Once every line of the probe has been analyzed, both the total length of line across each phase and the total number of intersections of each type are obtained by adding up the measurements made across each test line.

This procedure is carried out for 18 different orientations, rotating the particle at regular angular intervals of 10[degrees] in order to characterize its internal structure, satisfying for the sample the conditions of isotropy, uniformity and randomness (IUR) (Russ and DeHoff, 2000) necessary for unbiased estimations.

Parameters computed with the counts and measurements made in the 18 directions are described below.

GEOMETRIC AND STEREOLOGICAL

PARAMETERS

There are a large number of parameters derived from direct measurements made by the linear intercepts method or calculated from them. In this work, three of these parameters have a special significance for the characterization of mineral phases within particles: phase area, phase perimeter and surface density of phase contact interfaces.

Phase area

The area of one phase is easily computed as the sum of every pixel in the image belonging to that phase, multiplied by the corresponding calibration coefficient. In this case, as the linear intercept method is being applied with an equidistance of 1 pixel between line probes, the total number of pixels belonging to the POI is equal to the total length of all test lines across it. The area of the POI is given by Eq. 1 (where c is the calibration coefficient).

A([alpha]) = [summation][L.sup.[theta].sub.i]) [alpha] x c[right arrow]. (1)

This equation, as shown later, will be used to get the volumetric fraction of each phase, VV, by the well-known stereological principle given by Eq. 2 (Underwood, 1970).

[V.sub.V] = [A.sub.A] = [L.sub.L] = [P.sub.P]. (2)

Phase perimeter

Perimeter fractions are essential for the characterization of mineral liberation, especially when a complex texture exists. There are a number of ways for perimeter computation based on pixel operations (Russ, 1990), but these methods are less accurate than the estimation of the perimeter from the number of intersections.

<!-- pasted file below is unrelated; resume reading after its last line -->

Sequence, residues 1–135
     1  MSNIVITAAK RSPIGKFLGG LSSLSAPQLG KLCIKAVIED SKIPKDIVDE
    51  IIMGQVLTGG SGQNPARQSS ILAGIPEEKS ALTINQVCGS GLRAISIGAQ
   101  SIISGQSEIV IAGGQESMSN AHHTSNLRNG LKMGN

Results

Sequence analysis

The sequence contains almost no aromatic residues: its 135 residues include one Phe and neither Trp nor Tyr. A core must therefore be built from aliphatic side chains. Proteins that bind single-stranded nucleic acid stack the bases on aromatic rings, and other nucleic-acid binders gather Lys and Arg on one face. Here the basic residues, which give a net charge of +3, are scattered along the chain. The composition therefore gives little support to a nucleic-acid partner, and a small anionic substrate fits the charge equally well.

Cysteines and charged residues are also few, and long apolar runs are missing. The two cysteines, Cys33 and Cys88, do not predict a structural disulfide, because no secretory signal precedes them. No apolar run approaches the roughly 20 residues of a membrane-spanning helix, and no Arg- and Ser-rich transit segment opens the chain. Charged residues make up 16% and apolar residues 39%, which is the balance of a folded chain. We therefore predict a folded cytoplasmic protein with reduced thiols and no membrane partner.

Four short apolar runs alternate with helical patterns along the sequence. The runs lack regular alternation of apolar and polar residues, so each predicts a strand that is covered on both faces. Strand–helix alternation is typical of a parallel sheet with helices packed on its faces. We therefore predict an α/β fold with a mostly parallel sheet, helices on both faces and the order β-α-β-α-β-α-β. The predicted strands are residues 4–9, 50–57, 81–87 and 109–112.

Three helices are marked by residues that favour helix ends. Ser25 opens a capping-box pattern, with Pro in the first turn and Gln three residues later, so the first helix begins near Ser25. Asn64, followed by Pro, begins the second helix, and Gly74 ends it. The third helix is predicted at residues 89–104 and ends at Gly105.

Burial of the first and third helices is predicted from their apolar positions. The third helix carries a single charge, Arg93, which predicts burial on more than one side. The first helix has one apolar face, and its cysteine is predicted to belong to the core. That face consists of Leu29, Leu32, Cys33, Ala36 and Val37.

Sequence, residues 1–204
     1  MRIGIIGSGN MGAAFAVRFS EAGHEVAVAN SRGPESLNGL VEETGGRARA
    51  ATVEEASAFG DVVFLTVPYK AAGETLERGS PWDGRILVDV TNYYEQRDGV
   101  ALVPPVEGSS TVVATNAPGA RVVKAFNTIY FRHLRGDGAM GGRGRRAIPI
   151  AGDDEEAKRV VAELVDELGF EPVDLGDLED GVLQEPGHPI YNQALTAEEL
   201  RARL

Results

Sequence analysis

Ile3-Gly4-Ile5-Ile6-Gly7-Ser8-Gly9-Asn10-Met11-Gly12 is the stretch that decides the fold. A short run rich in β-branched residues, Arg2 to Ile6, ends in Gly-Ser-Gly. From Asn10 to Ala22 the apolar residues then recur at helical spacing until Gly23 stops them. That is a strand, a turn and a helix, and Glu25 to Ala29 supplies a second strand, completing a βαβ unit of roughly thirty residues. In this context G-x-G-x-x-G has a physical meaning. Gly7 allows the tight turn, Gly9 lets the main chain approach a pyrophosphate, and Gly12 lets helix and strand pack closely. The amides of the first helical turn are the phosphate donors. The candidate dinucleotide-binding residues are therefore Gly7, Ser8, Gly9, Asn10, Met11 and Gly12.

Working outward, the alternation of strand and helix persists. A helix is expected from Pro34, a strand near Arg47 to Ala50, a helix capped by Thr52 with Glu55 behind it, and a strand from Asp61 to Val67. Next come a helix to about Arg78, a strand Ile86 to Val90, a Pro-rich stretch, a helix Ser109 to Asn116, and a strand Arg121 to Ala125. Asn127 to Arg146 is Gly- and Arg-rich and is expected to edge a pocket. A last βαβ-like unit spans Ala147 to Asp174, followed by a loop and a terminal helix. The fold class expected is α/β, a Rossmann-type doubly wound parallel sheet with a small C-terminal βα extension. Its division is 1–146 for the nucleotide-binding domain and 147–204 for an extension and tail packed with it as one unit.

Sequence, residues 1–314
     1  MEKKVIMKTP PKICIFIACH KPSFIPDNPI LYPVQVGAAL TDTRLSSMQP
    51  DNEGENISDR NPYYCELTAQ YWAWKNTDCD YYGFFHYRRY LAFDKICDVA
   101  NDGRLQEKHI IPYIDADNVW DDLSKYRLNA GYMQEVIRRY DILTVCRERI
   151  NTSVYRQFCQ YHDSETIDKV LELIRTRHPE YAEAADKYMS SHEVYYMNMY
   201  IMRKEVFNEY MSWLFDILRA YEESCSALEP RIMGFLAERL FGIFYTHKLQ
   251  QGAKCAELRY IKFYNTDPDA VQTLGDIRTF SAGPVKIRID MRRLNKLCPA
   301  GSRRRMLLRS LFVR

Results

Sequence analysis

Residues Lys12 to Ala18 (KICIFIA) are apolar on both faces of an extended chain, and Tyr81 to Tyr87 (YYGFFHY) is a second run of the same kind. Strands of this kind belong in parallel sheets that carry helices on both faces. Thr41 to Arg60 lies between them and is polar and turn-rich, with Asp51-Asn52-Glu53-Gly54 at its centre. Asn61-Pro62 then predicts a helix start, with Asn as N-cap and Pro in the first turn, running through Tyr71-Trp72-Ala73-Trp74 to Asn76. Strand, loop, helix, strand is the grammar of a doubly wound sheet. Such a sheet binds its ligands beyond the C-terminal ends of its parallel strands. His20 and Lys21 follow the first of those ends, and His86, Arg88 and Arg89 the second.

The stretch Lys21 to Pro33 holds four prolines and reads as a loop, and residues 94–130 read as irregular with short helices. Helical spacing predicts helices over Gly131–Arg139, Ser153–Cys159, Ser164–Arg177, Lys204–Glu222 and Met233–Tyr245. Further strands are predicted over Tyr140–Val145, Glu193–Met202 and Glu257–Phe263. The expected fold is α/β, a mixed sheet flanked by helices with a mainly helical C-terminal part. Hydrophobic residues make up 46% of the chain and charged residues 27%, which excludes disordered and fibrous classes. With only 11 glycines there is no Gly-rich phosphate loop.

For this purpose, Barbier's formula (Eq. 3), whose derivation is beyond the scope of this work (see Hyksova et al., 2012, for further information), is applied for length estimation of curves in plane by counting the number of intersections of the curve with a system of line probes in different directions:

L = [[phi]d/2] x [bar.N], (3)

being d the distance between test lines and the mean number of intersections of the curve with test lines for all line orientations.

In the example of Fig. 3, this formula has been applied for the estimation of the [alpha][beta] contact perimeter using the intercept method as described in this paper. Using the notation in Fig. 3, the perimeter of the [alpha][beta] contact will be calculated as follows:

B([alpha][beta]) = [[pi]d/2] x [bar.[summation over ([theta])][summation over (i)][N.sup.[theta].sub.i]([alpha][beta])]. (4)

Specific surface area ([S.sub.V])

The surface area per unit volume ([S.sub.V]) is especially useful as we are concerned with the determination of contacts between phases within particles. This parameter is easily calculated from the length of grain boundaries per unit area (LA) or from the number of intersections per unit length of test line (PL) applying one of these stereological relationships (Underwood, 1970):

[S.sub.v] = [4/[pi]] x [L.sub.A], (5)

[S.sub.v] = 2 x [P.sub.L]. (6)

Following with our example in Fig. 3, the mean surface area density of the [alpha][beta] contact is given by Eq. 7 or 8. In Eq. 7 length of grain boundaries B(ap) is got applying Eq. 4:

[S.sub.V]([alpha][beta]) = [4/[pi]] x [B([alpha][beta])/A], (7)

[S.sub.V]([alpha][beta]) = 2 x [[[bar.[summation over ([theta])][summation over (i)][N.sup.[theta].sub.i]([alpha][beta])]]/[summation over (i)][L.sup.[theta].sub.i]]. (8)